Mlokosewitschi and Further Attempts at Crossing

The many attempts to cross "Mloko" onto albiflora over a long period of years have already been noted. Albiflora seemed, to the eyes of the hybridist, the most desirably eligible of all the partners presented for "mloko's" favors. But it was therefore to prove the most heartbreaking of disappointments. [56:] The list of "mloko's" rejectees is long. Not one of the following attempted combinations with "mloko" came to anything: anomala, arietina, arietina "cretica," bakeri, beresowskyi, browni, cambessedesi, coriacea, Corsica, "decora," "decora pallasi," microcarpa, obovata "alba," obovata "japonica rosea," pubens, russi "major" [actually a Lemoine hybrid between russi and wittmanniana, but usually found listed among species], wittmanniana, and woodwardi. In addition these forms of officinalis were tried: Etoile de Pluton, Mutabilis, Sabini, "Single Crimson" [that fathered the "Challengers"], Striata Elegans, Alba Plena, Rosea Plena, Rosea Superba Plena, Rubra Plena, Otto Froebel, and something known in the notebooks as "false lobata."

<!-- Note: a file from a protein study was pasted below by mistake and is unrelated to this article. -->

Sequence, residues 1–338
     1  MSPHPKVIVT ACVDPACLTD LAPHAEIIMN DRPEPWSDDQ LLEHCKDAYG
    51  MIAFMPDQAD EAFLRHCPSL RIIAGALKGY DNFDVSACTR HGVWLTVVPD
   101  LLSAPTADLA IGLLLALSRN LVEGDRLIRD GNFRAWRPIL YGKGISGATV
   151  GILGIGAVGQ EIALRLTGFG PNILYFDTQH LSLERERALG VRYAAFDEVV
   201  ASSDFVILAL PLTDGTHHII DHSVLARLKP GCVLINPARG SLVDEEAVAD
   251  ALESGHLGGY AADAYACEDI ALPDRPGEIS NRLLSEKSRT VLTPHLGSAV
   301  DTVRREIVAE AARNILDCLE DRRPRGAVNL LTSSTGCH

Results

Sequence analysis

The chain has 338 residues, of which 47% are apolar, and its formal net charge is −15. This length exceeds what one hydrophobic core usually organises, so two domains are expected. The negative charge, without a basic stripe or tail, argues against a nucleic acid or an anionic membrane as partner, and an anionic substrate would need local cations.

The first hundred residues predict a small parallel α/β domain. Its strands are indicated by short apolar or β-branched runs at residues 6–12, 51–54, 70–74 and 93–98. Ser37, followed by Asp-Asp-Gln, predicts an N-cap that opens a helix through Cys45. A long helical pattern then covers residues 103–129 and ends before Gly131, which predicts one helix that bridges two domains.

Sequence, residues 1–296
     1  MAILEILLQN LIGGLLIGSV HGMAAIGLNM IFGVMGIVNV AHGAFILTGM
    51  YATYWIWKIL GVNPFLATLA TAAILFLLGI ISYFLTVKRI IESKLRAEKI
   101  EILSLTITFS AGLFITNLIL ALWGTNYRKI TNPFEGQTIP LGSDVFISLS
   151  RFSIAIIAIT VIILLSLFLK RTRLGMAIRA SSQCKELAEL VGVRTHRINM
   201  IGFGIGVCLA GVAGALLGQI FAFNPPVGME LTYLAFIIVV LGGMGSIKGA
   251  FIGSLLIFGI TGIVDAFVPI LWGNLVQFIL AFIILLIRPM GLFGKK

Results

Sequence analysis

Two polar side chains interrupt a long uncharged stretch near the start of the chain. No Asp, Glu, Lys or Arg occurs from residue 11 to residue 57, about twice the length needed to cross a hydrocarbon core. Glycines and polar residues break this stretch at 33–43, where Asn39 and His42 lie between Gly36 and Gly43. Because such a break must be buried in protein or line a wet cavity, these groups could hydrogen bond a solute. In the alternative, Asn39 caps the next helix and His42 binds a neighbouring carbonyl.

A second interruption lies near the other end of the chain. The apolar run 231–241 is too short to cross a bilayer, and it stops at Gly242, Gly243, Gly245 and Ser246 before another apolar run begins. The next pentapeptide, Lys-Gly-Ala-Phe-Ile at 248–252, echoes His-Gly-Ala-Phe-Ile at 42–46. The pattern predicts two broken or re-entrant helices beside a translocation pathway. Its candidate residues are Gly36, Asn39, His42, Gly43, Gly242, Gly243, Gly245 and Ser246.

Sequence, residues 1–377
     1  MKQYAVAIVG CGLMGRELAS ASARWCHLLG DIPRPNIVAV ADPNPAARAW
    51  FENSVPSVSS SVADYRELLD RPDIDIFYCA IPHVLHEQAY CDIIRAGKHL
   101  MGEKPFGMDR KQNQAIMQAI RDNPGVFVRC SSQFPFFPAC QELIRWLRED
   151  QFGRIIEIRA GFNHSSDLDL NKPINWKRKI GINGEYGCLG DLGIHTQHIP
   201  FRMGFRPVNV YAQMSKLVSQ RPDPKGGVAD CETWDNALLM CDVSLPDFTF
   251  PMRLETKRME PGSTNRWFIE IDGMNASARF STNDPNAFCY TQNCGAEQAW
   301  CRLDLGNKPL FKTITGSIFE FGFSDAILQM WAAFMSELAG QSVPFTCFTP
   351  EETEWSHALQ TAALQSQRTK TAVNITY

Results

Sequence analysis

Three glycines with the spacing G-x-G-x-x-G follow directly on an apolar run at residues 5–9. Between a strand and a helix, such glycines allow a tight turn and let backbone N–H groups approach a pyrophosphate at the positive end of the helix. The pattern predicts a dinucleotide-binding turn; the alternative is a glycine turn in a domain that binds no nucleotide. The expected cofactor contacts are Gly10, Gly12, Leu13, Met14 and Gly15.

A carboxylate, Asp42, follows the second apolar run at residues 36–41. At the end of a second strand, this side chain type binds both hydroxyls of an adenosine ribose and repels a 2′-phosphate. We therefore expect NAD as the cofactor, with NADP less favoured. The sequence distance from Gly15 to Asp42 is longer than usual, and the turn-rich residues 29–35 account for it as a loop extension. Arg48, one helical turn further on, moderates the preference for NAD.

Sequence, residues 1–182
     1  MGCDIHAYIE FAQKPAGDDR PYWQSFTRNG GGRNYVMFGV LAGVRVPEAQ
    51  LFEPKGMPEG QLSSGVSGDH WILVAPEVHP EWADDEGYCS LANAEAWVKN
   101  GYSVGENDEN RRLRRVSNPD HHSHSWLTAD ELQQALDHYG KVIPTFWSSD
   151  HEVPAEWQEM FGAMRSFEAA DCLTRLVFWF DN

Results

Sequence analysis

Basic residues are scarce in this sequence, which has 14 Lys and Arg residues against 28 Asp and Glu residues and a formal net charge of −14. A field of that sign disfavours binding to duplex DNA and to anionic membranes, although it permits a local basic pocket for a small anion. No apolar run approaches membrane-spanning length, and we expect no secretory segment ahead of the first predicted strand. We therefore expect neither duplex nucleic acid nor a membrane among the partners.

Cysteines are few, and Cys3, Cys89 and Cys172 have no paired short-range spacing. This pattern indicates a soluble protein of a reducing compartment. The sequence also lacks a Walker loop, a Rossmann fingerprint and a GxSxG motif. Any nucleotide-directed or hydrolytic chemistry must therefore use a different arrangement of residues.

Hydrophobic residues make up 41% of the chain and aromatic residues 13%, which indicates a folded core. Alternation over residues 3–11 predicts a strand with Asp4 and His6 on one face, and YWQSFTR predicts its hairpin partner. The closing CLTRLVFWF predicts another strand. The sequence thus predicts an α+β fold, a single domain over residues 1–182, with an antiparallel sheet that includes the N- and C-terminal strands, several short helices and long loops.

Six additional species did give hybrid plants which, though never propagated or introduced, do still survive: broteri, corallina, emodi, peregrina, triternata [another Caucasian species], and veitchi. With two species and two only, did "mloko" succeed in founding families.

Like "mloko," these two are native to the Caucasus region, and like "mloko," both are very early blooming. Macrophylla's acquaintance we have already made. The other plant, tenuifolia, is one of the few peony species known to European and American gardens as early as 1765. This is the very small, very early, very ferny-leaved little peony found in many gardens. It occurs in several forms: Rubra [single], Rubra Plena, Rosea, and Rosea Plena.